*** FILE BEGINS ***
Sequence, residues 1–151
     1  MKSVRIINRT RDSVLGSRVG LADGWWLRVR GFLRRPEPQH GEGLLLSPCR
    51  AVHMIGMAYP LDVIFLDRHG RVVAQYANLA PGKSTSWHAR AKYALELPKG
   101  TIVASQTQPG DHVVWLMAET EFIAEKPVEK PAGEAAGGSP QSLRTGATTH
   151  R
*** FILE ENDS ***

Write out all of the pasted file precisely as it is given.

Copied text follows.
Sequence, residues 1–151
     1  MKSVRIINRT RDSVLGSRVG LADGWWLRVR GFLRRPEPQH GEGLLLSPCR
    51  AVHMIGMAYP LDVIFLDRHG RVVAQYANLA PGKSTSWHAR AKYALELPKG
   101  TIVASQTQPG DHVVWLMAET EFIAEKPVEK PAGEAAGGSP QSLRTGATTH
   151  R